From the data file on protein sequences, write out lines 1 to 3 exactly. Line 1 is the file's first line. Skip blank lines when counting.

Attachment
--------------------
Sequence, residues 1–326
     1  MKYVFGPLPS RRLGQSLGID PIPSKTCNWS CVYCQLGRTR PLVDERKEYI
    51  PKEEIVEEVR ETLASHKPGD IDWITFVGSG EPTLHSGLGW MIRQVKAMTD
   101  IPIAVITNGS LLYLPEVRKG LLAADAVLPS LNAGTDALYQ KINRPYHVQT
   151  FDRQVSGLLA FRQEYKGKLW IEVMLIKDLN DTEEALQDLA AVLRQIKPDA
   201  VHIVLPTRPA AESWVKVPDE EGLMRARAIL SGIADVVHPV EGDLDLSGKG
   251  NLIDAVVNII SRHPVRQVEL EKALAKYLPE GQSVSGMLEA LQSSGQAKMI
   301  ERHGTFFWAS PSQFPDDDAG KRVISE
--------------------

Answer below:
Sequence, residues 1–326
     1  MKYVFGPLPS RRLGQSLGID PIPSKTCNWS CVYCQLGRTR PLVDERKEYI
    51  PKEEIVEEVR ETLASHKPGD IDWITFVGSG EPTLHSGLGW MIRQVKAMTD